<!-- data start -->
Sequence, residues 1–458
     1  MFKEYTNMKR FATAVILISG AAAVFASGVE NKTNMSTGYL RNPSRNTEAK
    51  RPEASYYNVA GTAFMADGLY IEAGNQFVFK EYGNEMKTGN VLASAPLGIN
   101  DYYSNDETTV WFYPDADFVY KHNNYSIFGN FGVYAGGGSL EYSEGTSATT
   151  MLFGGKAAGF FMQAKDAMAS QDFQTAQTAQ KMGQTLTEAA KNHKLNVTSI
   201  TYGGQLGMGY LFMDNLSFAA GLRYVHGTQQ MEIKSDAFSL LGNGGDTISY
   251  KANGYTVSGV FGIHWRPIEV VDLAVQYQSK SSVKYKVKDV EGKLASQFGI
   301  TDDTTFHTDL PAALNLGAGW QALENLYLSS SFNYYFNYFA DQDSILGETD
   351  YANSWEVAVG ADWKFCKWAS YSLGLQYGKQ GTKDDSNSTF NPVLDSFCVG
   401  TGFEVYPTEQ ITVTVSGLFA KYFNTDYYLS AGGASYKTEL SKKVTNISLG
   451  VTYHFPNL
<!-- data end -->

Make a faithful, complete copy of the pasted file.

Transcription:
Sequence, residues 1–458
     1  MFKEYTNMKR FATAVILISG AAAVFASGVE NKTNMSTGYL RNPSRNTEAK
    51  RPEASYYNVA GTAFMADGLY IEAGNQFVFK EYGNEMKTGN VLASAPLGIN
   101  DYYSNDETTV WFYPDADFVY KHNNYSIFGN FGVYAGGGSL EYSEGTSATT
   151  MLFGGKAAGF FMQAKDAMAS QDFQTAQTAQ KMGQTLTEAA KNHKLNVTSI
   201  TYGGQLGMGY LFMDNLSFAA GLRYVHGTQQ MEIKSDAFSL LGNGGDTISY
   251  KANGYTVSGV FGIHWRPIEV VDLAVQYQSK SSVKYKVKDV EGKLASQFGI
   301  TDDTTFHTDL PAALNLGAGW QALENLYLSS SFNYYFNYFA DQDSILGETD
   351  YANSWEVAVG ADWKFCKWAS YSLGLQYGKQ GTKDDSNSTF NPVLDSFCVG
   401  TGFEVYPTEQ ITVTVSGLFA KYFNTDYYLS AGGASYKTEL SKKVTNISLG
   451  VTYHFPNL